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Journal of Quantitative Criminology

, Volume 26, Issue 2, pp 217–236 | Cite as

Statistical Inference After Model Selection

  • Richard Berk
  • Lawrence Brown
  • Linda Zhao
Original Paper

Abstract

Conventional statistical inference requires that a model of how the data were generated be known before the data are analyzed. Yet in criminology, and in the social sciences more broadly, a variety of model selection procedures are routinely undertaken followed by statistical tests and confidence intervals computed for a “final” model. In this paper, we examine such practices and show how they are typically misguided. The parameters being estimated are no longer well defined, and post-model-selection sampling distributions are mixtures with properties that are very different from what is conventionally assumed. Confidence intervals and statistical tests do not perform as they should. We examine in some detail the specific mechanisms responsible. We also offer some suggestions for better practice and show though a criminal justice example using real data how proper statistical inference in principle may be obtained.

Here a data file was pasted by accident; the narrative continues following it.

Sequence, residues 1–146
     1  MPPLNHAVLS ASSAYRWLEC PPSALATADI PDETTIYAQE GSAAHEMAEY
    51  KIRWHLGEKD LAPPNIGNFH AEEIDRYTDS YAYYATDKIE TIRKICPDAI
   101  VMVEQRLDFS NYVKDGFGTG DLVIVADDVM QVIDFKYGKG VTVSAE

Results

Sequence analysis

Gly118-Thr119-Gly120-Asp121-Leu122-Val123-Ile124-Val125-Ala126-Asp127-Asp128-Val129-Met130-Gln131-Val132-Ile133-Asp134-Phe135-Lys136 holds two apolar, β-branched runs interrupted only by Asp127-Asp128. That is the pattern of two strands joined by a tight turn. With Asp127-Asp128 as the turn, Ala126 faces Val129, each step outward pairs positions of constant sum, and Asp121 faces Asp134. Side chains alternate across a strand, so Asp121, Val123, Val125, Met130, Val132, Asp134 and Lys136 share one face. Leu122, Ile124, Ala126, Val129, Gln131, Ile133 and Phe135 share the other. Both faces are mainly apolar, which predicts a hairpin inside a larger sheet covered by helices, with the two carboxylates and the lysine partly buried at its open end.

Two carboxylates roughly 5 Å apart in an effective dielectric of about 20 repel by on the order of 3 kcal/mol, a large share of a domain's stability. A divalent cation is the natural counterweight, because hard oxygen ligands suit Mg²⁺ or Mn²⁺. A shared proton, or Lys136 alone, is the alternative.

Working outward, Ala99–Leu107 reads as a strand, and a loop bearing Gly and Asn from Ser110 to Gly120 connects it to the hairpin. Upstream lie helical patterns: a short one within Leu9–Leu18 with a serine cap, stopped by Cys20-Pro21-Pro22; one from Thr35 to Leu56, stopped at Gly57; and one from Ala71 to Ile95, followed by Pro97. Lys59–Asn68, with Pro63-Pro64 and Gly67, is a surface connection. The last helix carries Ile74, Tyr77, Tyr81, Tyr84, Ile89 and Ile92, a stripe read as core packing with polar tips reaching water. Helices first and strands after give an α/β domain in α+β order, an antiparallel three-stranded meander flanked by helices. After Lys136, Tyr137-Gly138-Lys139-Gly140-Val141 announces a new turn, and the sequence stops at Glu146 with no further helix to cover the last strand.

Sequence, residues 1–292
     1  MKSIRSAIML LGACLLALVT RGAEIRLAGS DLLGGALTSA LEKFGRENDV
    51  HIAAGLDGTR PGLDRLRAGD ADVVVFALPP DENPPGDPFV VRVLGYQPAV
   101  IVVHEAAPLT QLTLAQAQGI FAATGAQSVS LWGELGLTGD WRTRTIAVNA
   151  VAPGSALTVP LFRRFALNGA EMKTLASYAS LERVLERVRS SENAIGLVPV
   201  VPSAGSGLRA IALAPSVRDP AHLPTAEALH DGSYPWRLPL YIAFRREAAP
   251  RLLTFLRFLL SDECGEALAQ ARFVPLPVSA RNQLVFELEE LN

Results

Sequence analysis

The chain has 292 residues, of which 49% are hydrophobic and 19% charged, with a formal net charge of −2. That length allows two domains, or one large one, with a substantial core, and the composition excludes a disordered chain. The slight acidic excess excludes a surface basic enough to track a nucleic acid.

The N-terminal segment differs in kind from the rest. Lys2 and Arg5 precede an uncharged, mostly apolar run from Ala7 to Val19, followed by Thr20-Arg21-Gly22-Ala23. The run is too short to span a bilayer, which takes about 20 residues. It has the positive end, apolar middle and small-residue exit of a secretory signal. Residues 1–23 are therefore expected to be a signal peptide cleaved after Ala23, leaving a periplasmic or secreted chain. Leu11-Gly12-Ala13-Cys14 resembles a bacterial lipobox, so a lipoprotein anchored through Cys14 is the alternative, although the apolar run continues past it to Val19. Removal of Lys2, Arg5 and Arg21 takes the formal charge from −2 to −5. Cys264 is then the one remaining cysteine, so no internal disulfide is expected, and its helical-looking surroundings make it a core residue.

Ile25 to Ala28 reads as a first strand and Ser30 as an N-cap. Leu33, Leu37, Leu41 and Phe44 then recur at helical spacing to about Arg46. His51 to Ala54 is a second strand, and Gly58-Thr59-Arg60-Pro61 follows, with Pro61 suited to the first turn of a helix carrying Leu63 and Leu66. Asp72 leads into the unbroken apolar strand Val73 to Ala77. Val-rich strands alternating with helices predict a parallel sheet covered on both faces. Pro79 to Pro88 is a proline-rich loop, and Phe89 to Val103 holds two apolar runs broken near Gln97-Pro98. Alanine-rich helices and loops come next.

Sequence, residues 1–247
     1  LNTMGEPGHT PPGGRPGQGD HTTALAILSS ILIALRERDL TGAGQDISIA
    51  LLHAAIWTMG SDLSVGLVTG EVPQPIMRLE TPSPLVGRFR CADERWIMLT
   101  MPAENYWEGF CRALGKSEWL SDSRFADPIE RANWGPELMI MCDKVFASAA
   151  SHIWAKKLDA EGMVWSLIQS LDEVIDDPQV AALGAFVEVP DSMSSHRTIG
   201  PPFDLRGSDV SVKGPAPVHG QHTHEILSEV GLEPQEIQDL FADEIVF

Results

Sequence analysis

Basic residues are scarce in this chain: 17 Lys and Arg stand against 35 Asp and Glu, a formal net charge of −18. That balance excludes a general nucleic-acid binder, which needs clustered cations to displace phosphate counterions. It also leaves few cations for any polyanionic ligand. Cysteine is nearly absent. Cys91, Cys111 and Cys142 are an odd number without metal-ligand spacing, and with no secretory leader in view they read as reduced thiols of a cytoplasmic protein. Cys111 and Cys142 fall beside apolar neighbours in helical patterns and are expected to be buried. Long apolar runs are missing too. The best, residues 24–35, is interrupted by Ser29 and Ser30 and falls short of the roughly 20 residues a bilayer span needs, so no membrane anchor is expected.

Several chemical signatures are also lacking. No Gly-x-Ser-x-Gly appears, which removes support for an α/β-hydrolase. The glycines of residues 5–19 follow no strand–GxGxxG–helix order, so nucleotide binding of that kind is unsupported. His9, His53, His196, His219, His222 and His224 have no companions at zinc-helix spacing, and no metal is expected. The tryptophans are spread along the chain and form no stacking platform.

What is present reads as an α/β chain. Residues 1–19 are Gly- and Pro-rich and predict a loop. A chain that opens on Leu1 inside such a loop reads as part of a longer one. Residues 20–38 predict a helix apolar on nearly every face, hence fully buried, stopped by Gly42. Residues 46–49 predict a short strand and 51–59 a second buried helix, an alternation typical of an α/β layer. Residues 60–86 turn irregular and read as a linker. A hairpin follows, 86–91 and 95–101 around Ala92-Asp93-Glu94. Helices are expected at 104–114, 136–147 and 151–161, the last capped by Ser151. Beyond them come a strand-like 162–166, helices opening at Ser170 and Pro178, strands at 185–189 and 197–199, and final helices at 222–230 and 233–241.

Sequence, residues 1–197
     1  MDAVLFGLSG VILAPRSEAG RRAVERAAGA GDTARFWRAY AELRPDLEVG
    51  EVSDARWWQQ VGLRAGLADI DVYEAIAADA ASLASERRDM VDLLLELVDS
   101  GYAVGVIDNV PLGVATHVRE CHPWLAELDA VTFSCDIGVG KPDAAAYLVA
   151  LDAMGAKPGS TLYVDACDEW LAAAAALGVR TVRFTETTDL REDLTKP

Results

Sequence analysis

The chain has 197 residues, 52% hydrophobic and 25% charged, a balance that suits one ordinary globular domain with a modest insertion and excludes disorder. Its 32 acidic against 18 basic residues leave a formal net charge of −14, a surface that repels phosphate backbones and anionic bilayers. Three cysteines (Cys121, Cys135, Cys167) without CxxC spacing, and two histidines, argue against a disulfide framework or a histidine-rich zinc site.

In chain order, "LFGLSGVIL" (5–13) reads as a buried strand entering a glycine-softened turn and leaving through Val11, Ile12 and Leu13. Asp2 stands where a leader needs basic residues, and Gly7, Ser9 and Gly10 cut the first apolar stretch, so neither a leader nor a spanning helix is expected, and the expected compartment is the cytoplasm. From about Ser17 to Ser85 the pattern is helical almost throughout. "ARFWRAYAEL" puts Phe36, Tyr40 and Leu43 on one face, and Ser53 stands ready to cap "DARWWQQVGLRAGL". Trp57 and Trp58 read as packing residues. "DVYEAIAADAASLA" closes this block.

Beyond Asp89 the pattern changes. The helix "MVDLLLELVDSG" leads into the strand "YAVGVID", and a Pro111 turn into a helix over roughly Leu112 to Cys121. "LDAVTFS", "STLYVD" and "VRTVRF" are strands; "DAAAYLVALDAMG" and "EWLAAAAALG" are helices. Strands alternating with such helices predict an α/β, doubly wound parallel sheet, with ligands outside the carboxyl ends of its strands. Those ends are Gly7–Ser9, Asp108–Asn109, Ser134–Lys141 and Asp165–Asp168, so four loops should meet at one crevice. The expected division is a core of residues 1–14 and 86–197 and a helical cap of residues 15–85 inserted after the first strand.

Keywords

Model selection Statistical inference Mixtures of distributions 

Notes

Acknowledgments

Richard Berk’s work on this paper was funded by a grant from the National Science Foundation: SES-0437169, “Ensemble methods for Data Analysis in the Behavioral, Social and Economic Sciences.” The work by Lawrence Brown and Linda Zhao was supported in part by NSF grant DMS-07-07033. Thanks also go to Andreas Buja, Sam Preston, Jasjeet Sekhon, Herb Smith, Phillip Stark, and three reviewers for helpful suggestions about the material discussed in this paper.

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Copyright information

© Springer Science+Business Media, LLC 2009

Authors and Affiliations

  1. 1.Department of StatisticsUniversity of PennsylvaniaPhiladelphiaUSA
  2. 2.Department of CriminologyUniversity of PennsylvaniaPhiladelphiaUSA

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